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The Caldwells: A Family's Long Civil Rights Journey
March Through History and Hope

By Wil Haygood
Washington Post Staff Writer
Tuesday, January 20, 2009

As the great and sometimes heartbreaking flow of events swept around the contours of this city, the Caldwells set themselves into the portrait album of America. Figures pressed between the pages of history.

One black American family: A mother and a father. Four daughters and a son. Forebears who reach back to slavery, and grandchildren who can now grow up with the knowledge that they could be president.

At times, blood and fire marred their city. On other days, the monuments of downtown Washington seemed to sway with the throngs who were marching yet again.

The Caldwells remembered their dead. And they honored the history their family had lived.

A black-and-white photograph of Emily Nolan, who had been a slave in Alexandria, sits inside a picture frame in the Caldwell family home in Fort Washington. She sat for the portrait with other family members in the early 1930s. By then she was an old woman with aches and failing eyesight. President Lincoln had freed her, the first 29 years of her long, sad life having been spent on the dark side of a nightmare before Emancipation.

In the picture she is unsmiling, a simple shawl around her shoulders, hands that once worked in the fields now resting in her lap. Even in this photo, taken in the latter years of her life -- cold air seeping into her bones in a drafty Harlem home -- it looks as if Emily Nolan was trying to ward off things. The world was harder then, and optimism more difficult to come by.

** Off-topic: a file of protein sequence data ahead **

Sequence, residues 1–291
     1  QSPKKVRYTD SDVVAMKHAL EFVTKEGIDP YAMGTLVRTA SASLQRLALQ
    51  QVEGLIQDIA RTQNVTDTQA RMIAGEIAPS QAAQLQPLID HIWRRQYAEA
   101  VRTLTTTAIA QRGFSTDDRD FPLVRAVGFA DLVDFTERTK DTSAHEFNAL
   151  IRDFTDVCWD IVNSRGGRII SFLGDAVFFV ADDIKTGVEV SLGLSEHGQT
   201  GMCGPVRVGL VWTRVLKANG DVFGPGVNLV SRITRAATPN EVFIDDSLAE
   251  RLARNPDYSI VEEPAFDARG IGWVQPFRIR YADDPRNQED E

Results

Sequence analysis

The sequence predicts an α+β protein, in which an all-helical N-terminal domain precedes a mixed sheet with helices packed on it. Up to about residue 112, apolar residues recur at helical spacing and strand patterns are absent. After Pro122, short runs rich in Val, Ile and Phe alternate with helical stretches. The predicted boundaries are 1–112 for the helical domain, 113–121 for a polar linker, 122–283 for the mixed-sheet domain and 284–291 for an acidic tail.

Twenty-five years later, her great-grandson Roland Caldwell and his wife, Audrey, would step onto the pavement outside their new apartment in Northeast and sense the breeze of possibility. Something special was taking place. Civil rights laws were being written, pioneers were testing the frontier of social justice. Maybe a smile wouldn't feel out of place.

It was a time of martyrdom, too. A time when dreamers dreamed and sometimes fell. A time when great speeches were given, sometimes within just a few feet of a Caldwell family member.

The 1963 March on Washington: A Caldwell was there.

Those fiery 1968 riots, which had the White House on edge: The Caldwells were there.

The rallies for home rule: A Caldwell was there.

Anti-apartheid rallies outside the gates of the White House. The Million Man March on the Mall. Caldwells were there, too.

x And on that preternatural night in Chicago, when a man glided into view -- the sky and the world as his backdrop -- standing as the first black man to be elected president of the United States, a Caldwell was there.x

Like so many other black Americans, the Caldwells saw these events not as topics for elementary school book reports, but as intimate pieces of their own family history.

"I remember my father always putting us kids in the car and schlepping us to this or that rally," says Roland's oldest daughter, Theresa. "Dad told us about Emily."

"She had so far to come, just to get to us in Harlem," says Dorothy Miller, the great-granddaughter of Emily Nolan and the only surviving family member to have laid eyes on her. "She couldn't even conceive of the word 'vote,' let alone the concept of a black president."

Heaven on 125th Street

Like so many stories out of the album of black America, the Caldwell saga begins in the South.